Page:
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dag, to have acquainted them, as it is with us, with the causes of their meeting.

Chan. I confess it belongs to my place to have done it; but, by reason of an oath I had taken to my king, to endeavour to keep the crown on his daughter's head, and this assembly was called that she might resign it; therefore I desired to be excused from making that proposal.

Wh. Indeed her Majesty spake herself with an excellent grace and spirit, which was a wonder to see it done by a young lady to so great and grave an as sembly; and the matter of her speech, as it was interpreted to me, was pertinent and full of weight.

Chan. Indeed she spake very well and materially, and like a prince.

Wh. I am sorry my time calls me away from further enjoyment of my father's excellent conversation.

Chan. I shall be glad if my noble son would afford me more of his company, in which I take so much contentment.

Wh. My journey tomorrow hastens me away, and occasions your less trouble.

Chan. I pray assure the Protector of the respect and high value I have for him, and of my devoted mind to serve him in anything within my power in this kingdom.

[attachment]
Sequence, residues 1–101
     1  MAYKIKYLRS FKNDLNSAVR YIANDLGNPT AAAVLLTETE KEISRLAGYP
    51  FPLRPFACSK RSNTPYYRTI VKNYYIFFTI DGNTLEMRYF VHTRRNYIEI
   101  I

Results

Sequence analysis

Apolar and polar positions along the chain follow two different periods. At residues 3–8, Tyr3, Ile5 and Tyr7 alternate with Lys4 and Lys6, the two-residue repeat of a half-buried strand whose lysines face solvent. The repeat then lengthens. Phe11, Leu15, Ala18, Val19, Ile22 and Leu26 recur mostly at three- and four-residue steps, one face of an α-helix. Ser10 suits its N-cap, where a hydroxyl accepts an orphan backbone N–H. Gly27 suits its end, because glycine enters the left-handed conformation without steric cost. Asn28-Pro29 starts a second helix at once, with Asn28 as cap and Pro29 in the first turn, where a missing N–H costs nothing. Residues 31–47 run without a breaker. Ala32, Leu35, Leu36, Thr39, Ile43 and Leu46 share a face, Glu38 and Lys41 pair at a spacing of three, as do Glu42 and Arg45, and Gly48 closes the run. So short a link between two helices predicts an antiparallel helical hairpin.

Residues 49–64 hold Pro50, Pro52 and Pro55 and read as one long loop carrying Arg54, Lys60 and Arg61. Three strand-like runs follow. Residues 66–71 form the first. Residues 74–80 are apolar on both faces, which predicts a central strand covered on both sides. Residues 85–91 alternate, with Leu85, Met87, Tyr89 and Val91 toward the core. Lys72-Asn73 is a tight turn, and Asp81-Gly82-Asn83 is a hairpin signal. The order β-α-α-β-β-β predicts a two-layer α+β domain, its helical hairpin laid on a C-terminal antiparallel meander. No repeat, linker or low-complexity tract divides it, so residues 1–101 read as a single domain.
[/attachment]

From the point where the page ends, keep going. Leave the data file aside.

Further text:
Wh. You have been pleased largely to testify this in my transactions, and your noble favours and respects to your son.

Chan. You may be confident of my affection and love to you; and I desire you to be a friend to ray countrymen in England, and to take upon you their patronage in all just causes.

Wh. I shall be ready upon all occasions to perform all good offices to your Excellence and to your family, and to all of this nation; and shall satisfy the Protector of your affections for him, and of your kindness to his servant.

Chan. I am now an old man, and whilst I continue alive I shall do all that lies in my power to serve the Protector and the Commonwealth of England, and shall embrace your Excellence with a special bond of friendship, and will leave it in charge to my sons, when I am dead, to do the same.